Biblical Christians emphasise a daily life which honours the Lord. It is not for us to sit outside a palace, or along a synagogue’s Eastern wall, making sure we keep our robes clean. We must honour the Lord >as< we work. After all, we serve the Saviour who allowed an unclean woman to touch Him, who washed His disciples’ feet.
How Jesus Changed the Story
When our Lord’s hearers heard Him begin this parable, they must have been relieved. He’d been saying hard things, things they didn’t want to hear, but they knew this story. It was good, safe, better than what He had been saying before — and then, He changed it.
Instead of an arbitrary time, the feast is for a set purpose, and people have plenty of opportunity to respond. The problem is not that they were surprised, but rather that they were simply rebellious, violently so, with devastating consequences for themselves. Their fate is not embarrassment (having to watch the feast) or prison, but absolute destruction. The application to rebellious Israel is obvious.
Even more striking is how Jesus used and changed the “royal robes” story. The robes were given to both “bad and good.” The “bad” were welcome — if they would wear the king’s royal wedding garments. In the Jewish fable, the royal robes symbolised holiness or purity which you must maintain yourself. In Jesus’ parable, the symbolism is also holiness, but it is a gift of God, and having that righteousness is a matter of life or death.
The message was clear. The response to God’s invitation is vital, rebellion is fatal. Any who come can match the qualifications, because the only thing required is to accept what God gives. Your righteousness won’t do it — only the King can give a royal robe, and it will be good enough for even the Gentiles. The city of the Jews will be burned because of their unbelief and violence, and God will find other guests. God will give His royal robes of purity to whoever He wills, Jew or Gentile, and they will be accepted.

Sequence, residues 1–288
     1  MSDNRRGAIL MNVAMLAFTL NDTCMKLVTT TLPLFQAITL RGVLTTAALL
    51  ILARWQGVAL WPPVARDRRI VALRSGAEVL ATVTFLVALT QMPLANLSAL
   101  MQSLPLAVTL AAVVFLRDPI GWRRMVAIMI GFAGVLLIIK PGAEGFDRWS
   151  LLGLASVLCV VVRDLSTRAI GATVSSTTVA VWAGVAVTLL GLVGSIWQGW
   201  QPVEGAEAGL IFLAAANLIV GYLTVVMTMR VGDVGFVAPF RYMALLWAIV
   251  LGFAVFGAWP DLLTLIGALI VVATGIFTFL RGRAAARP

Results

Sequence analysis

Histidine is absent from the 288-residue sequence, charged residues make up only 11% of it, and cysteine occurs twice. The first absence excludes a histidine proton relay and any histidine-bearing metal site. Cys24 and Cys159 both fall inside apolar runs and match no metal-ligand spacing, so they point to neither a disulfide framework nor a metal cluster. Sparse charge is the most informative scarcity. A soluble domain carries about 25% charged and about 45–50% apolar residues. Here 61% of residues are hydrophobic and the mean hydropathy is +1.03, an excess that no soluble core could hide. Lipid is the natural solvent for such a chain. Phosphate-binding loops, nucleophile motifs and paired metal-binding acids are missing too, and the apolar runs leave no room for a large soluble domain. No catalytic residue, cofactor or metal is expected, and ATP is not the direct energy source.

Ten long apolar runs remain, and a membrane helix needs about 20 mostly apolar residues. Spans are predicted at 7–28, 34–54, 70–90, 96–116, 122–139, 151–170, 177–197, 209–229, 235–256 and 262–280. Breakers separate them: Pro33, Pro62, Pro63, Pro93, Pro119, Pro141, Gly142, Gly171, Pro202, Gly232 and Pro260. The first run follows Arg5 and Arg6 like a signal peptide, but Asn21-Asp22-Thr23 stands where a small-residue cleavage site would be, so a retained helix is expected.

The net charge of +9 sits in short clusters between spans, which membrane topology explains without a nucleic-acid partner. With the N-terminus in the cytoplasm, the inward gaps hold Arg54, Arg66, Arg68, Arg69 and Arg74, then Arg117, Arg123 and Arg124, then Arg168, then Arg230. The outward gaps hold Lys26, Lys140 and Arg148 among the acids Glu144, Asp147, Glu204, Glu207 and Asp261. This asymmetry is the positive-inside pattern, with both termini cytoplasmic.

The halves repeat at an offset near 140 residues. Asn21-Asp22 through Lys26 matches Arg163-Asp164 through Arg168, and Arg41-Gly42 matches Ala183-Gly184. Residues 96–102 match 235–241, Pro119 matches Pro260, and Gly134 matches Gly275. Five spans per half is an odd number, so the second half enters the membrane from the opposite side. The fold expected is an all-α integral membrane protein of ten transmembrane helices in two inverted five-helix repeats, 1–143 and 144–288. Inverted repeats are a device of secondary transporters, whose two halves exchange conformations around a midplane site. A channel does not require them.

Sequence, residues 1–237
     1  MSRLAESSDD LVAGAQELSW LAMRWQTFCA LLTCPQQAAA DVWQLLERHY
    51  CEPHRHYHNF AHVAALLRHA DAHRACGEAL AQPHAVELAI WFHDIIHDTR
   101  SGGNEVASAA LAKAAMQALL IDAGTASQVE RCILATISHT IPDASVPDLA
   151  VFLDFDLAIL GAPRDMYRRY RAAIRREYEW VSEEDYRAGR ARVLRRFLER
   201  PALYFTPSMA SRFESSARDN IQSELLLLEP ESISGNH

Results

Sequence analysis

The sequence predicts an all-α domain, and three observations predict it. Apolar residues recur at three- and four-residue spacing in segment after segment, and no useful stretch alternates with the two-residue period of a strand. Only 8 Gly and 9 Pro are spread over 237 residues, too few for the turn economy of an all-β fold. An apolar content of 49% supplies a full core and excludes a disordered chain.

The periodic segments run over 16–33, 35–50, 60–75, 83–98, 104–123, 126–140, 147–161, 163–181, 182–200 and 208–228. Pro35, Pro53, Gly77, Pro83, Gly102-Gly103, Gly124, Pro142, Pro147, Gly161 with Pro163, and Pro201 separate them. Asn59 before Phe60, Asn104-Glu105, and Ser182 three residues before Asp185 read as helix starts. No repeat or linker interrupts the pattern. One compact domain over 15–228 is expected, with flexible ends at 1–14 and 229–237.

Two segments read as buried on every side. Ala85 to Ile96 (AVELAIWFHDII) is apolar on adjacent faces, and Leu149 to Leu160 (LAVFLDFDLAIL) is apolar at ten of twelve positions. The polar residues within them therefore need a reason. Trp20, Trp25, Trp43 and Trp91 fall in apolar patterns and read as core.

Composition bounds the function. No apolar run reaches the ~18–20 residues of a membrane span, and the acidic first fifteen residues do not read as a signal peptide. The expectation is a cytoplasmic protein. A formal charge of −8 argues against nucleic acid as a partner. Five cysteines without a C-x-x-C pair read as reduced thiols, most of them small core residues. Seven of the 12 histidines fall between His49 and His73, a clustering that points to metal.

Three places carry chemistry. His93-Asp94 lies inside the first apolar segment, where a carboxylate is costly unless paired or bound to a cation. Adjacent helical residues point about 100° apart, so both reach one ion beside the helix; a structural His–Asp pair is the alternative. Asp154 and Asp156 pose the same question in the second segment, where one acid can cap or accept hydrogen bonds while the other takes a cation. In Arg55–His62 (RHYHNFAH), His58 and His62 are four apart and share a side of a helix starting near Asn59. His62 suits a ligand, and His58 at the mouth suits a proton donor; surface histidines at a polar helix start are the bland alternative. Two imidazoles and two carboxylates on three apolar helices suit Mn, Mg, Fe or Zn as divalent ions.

The Fables Weren’t Needed
Did Jesus need these Jewish fables to communicate truth? Of course not. The truth is right there in Scripture, the Scriptures they already knew.
But we are all as an unclean thing, and all our righteousnesses are as filthy rags; and we all do fade as a leaf; and our iniquities, like the wind, have taken us away.
I will greatly rejoice in the LORD, my soul shall be joyful in my God; for he hath clothed me with the garments of salvation, he hath covered me with the robe of righteousness, as a bridegroom decketh himself with ornaments, and as a bride adorneth herself with her jewels.
Nor do we need to know about the Jewish fables to understand this parable. Not only do we have these (and other) Old Testament Scriptures, we also have this:
7 Let us be glad and rejoice, and give honour to him: for the marriage of the Lamb is come, and his wife hath made herself ready.
8 And to her was granted that she should be arrayed in fine linen, clean and white: for the fine linen is the righteousness of saints.
Why, then, did Jesus use these stories of the rabbis?
Perhaps there are two reasons. First, by changing the stories, He refuted the errors in the original stories in a way His hearers could not miss. A story teaching self-righteousness became a story of God-given righteousness. The contrast was stark.
But perhaps also we see our Lord’s compassion. The greatest Teacher knew human weakness, and made it easy for His people to hear and understand the message. Using familiar stories, He helped bridge the gap between Himself and any who were willing to hear. The same God who came in familiar human form, so we could understand His message and His love, spoke to His people with familiar forms of communication as well. A compassionate God finds terms we can comprehend. That’s just the kind of God He is.
Companion post: The Son’s Wedding Feast — a Year Before
Series Summary with links to further articles: “Passion Tuesday” / Crucifixion Tuesday